The next morning I took my train to Kaunas. The guard on the train was very friendly and enthusiastic to meet me.
He was even more pleased when I greeted him with “Labas” hello in Lithuania and wanted to know if I was studying I explained I was a tourist.
I think taking the time to learn a little more Lithuanian will really pay off with some people.
While on the train a drunk man who spoke what I would describe as lower-intermediate appeared to warn me that there had been some racism related trouble in Kaunas of late but also saying I was big and so should be ok.
I don’t know about the regular situation but I faced no hostility at all in Kaunas.
I arrived at Kaunas train station and waited for Rita.
Rita a very kind friend, was the first friend from Interpals that I met.
She had limited time because she had to work later that afternoon but took time to meet me and show me around.
Her English was very good and I was quite surprised about.
We travelled by bus and made our way to Freedom Avenue (Laisves Aleja).
Where we walked past the Church of St. Michael the Archangel church which was an Orthodox church of neo-Byzantium style but now under control of Roman Catholics.
The streets were quiet and we arrived at the Old Town.
The Old Town and Kaunas in general was even more quite than Vilnius.
Kaunas is considerable smaller than Vilnius, and the Old Town is no exception but the buildings are beautiful there too.
Rita took me to Aleksotas where you have a nice view over the river bank and Old Town. The funicular was closed so it was a short walk up some stairs.
I wanted to see the church of the resurrection but due to taking the wrong route and not wanting to risk missing my flight I gave it a miss. At the airport I met Andrew again and we were able to catch up on trip.
I enjoyed Kaunas it was a small place but with a nice old town and worth seeing if spending some time in Lithuania.
Trakai (and Vilnius again)
I returned to Vilnius in 2013 on route to Latvia. Having my emergency passport I did not specify Lithuania as part of my itinerary but I had no problems getting a ticket there are buying a ticket for Latvia there. I went with a Polish tour group, Paula arranging the trip. I left my accommodation to the last minute. Fortunately I found a kind host in Ruta. My trip was just literally an enforced trip because I could not find any suitable itinerary that would allow me to go to Riga and meet Valeria on her arrival without stopping. So having alreadly being to Vilnius I decide to make the most of my trip by visiting Trakai.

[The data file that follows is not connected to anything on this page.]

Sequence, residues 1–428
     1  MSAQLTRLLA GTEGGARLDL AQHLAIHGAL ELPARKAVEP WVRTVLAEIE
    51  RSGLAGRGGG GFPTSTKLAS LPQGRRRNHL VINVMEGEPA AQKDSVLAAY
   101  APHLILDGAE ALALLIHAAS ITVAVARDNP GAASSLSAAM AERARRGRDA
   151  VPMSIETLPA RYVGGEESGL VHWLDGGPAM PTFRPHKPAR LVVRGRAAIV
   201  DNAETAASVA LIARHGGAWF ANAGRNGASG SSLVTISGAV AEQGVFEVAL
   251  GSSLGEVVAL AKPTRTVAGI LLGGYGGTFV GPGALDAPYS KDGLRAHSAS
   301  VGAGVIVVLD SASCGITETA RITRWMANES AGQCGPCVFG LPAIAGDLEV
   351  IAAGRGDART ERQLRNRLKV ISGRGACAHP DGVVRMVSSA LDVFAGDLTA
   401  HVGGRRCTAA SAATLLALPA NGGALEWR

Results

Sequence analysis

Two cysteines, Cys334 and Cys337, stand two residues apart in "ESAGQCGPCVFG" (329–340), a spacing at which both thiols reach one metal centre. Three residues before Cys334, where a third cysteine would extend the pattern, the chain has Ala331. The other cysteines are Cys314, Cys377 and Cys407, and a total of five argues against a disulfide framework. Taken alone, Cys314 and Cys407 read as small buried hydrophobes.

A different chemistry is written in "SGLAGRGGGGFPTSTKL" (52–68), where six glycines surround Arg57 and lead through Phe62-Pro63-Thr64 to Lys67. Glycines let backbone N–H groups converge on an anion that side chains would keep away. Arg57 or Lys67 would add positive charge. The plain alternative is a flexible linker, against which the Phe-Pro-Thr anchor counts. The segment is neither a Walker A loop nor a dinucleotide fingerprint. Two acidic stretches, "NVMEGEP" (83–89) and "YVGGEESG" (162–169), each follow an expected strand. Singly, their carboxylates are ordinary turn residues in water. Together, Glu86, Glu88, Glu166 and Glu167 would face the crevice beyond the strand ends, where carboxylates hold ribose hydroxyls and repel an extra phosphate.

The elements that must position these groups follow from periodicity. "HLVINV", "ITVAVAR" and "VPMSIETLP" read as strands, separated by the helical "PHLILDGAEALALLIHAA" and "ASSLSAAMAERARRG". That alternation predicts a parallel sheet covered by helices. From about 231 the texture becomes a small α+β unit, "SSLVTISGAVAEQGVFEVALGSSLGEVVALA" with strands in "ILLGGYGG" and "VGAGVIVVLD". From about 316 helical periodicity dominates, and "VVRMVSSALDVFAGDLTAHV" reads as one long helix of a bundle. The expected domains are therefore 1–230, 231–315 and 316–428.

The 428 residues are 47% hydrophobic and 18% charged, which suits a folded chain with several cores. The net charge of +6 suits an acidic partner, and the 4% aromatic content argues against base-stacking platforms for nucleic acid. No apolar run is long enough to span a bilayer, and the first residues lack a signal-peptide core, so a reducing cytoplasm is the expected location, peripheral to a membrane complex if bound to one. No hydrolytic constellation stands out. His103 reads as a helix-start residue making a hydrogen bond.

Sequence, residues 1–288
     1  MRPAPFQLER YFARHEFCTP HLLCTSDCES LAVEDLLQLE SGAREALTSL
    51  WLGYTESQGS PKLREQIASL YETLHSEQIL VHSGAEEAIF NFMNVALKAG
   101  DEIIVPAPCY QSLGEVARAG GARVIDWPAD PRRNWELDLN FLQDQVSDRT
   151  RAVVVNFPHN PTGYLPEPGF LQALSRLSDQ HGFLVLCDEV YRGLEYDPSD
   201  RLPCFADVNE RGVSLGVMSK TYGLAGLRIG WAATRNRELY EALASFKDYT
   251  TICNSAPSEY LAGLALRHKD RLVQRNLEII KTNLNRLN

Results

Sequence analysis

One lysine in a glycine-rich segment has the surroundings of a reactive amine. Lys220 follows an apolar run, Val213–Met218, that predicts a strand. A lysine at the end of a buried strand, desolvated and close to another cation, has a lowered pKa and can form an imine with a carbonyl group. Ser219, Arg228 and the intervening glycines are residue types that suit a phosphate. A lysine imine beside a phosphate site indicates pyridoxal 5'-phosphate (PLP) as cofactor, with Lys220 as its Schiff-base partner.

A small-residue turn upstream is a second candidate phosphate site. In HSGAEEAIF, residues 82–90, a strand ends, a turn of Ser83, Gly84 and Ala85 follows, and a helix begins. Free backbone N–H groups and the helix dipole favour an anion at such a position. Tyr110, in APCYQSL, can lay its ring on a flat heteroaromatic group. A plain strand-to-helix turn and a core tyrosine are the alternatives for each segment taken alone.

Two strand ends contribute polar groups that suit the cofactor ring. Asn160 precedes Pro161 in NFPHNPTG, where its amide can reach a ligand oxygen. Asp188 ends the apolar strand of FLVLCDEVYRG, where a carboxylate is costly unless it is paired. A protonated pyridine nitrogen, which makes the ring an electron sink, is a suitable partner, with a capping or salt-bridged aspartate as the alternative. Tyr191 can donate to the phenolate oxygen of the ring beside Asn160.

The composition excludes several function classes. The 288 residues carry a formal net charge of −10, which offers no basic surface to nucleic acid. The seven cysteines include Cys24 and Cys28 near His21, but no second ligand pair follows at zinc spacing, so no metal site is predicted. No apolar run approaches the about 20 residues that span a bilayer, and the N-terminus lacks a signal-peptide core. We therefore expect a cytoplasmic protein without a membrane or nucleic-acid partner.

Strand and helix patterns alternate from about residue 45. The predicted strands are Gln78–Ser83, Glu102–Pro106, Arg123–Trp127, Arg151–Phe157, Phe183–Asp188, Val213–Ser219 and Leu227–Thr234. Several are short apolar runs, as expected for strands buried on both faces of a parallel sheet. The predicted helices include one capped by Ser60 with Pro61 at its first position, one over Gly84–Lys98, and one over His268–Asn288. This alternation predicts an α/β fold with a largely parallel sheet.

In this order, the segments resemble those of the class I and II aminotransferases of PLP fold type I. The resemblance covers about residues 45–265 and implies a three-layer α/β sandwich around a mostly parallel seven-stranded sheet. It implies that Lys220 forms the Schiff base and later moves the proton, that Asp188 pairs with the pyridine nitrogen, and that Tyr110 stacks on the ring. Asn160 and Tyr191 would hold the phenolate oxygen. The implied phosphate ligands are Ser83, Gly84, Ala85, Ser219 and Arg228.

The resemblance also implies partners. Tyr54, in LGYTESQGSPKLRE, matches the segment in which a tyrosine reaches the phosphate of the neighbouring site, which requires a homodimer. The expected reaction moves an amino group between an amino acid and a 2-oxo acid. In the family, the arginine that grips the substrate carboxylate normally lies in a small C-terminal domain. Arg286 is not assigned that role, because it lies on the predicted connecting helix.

Trakai castle looks similar to Bodiam Castle in the UK. Two castes sounded by a moat make a most beautiful setting. Only that Trakai is more complete because of rennovation. Theoriginal castle was destroyed in conflicts and rebuilt from the 1960s but not completed until the 90s.
Perhaps because of this the castle is mostly empty and despite being inexpensive I cant recommend going inside unless there is some cultural festival etc. I still felt it was not worth it. You will miss about one or two chances of photos however but you can certainly get the best shots (from across the bridge) and by the entry just before you go in. The region and town of Trakai itself is beautiful.. There are over 200 lakes, but as the town it is small and under 6,000 people (according to estimates from 2007). I visited an Orthodox Church that was in a bad state outside and in need of renovation. Also there were some interesting buildings around before getting to the castle.
In Vilnius I just walked along the old town and had a nice evening speaking to Ruta. Who was a very friendly host and spent time talking despite being ill.